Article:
You really should read Lee Kushner and Mike Murray’s Information Security Leaders blog. Besides being good guys, they usually post good perspectives on career management each week. Like this post on Rats and Ships, where they basically address how to know your company is in trouble and when to start looking for what’s next. Obviously if the company is in turmoil and you don’t have your head in the sand, the writing will be on the wall.
I learned in the school of hard knocks that you always have to be looking for what’s next. I know that sounds very cynical. I know it represents a lack of loyalty to whoever you are working for now. You see, things can change in an instant. Your company can lose a big deal. You could be the fall guy (or gal) for a significant breach (remember blame != responsibility). Or you could have a difference of opinion with your boss. There are an infinite number of scenarios that result in the same thing: You, out on your ass, with no job.
Usually you expect it, but not always. The absolute worst day of my career was having to lay off a good friend, who had absolutely no idea it was coming. Because I couldn’t give him a head’s up that we were trying to sell the company, he was blindsided. When we closed the deal, almost everyone had to go. Some situations you can see coming, some you can’t. But either way you need to be prepared.
If you are in security, you are trained to think defensively. You look at a situation and need to figure out how you can get pwned, screwed, or killed. It’s no different managing your career. Always be aware of how you can get screwed. Hopefully you won’t and you’ll have a long, prosperous career wherever you are, if that’s what you choose. But that doesn’t get you off the hook for being prepared. You should always be out there networking, meeting people, and getting involved in your community and paying it forward. Read Harvey Mackay’s book “Dig Your Well Before You’re Thirsty.” It’s the best book I’ve read about why you need to do something you likely despise – networking.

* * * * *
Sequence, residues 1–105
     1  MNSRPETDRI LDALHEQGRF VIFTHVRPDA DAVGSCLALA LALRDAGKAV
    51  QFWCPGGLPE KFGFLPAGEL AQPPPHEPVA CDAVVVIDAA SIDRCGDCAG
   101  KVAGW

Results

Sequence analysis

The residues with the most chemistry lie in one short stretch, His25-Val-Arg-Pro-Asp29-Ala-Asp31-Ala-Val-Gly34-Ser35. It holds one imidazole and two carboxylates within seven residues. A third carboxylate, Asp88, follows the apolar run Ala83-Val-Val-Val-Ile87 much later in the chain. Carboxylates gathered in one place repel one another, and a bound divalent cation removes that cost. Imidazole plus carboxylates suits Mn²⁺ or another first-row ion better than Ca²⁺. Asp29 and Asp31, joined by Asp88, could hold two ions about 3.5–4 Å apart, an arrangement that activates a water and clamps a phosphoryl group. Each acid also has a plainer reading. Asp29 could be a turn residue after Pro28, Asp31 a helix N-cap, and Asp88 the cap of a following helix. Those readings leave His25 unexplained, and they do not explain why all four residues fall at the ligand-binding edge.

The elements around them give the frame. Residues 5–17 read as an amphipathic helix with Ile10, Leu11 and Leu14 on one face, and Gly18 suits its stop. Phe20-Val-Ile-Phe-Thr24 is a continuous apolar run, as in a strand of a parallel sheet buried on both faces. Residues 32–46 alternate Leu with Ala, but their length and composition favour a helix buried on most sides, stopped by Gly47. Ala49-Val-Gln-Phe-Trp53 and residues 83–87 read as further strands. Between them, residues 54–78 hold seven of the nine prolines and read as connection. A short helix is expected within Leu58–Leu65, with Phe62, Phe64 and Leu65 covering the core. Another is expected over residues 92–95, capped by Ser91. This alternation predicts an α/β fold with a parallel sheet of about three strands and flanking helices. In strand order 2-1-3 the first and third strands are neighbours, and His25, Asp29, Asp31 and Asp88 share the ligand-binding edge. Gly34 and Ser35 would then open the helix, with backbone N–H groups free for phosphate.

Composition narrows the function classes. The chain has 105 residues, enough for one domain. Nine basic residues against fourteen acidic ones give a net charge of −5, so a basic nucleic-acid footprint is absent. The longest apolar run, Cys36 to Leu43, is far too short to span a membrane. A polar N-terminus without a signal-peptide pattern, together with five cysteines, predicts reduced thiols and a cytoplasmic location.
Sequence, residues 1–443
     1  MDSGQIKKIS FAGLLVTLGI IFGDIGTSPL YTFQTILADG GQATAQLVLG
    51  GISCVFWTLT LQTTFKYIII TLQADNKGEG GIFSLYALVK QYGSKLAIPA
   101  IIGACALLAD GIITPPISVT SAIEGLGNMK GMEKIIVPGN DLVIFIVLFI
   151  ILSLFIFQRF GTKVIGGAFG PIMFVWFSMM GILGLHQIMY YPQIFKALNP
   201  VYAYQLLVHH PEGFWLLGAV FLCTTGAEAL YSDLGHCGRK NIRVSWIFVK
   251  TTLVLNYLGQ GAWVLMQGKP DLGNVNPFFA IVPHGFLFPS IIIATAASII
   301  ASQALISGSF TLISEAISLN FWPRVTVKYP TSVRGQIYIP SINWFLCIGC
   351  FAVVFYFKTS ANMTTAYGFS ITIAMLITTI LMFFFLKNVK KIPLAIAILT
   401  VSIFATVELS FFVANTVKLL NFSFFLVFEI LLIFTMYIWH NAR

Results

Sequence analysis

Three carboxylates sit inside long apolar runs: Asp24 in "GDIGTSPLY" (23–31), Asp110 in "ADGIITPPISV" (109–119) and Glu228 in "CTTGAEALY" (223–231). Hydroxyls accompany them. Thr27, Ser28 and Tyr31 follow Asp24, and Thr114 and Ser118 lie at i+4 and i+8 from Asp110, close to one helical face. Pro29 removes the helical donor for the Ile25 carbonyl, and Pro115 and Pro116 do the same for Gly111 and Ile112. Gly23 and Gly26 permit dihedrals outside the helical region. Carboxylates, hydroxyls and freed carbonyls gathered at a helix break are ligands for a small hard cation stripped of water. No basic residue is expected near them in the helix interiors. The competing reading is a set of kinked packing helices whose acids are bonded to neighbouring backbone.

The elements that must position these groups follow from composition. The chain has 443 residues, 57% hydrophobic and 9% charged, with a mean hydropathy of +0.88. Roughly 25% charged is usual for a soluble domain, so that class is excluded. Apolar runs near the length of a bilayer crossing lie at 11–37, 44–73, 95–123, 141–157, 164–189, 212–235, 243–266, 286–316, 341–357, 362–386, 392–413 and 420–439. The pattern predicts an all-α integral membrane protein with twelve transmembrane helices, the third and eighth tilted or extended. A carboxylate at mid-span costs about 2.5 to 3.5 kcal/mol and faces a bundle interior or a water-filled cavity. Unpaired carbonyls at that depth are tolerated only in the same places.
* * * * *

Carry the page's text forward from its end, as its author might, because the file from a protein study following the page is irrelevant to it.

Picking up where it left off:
And let’s not forget that opportunity cuts both ways. You need to be ready to pull the rip cord when things come unglued, but sticking around can be worthwhile too. For one, less people around means more opportunity for you, especially if you are pretty junior. You may end up with far more responsibility than your title, salary, and/or experience would otherwise warrant. And if you can see it through to the recovery (to the degree there is a recovery), you are positioned to be an up and comer in your organization.
I guess the bigger message is to be aware of what’s going on, and to actively manage your career progression. Don’t let your career manage you. To the degree you want to do that. If you are really a glutton for punishment, start your own company. Then you can stop looking. Because you’ll know where to find all the problems.
Photo credit: “Virtual Defensive Driving” originally uploaded by Kristin Brenemen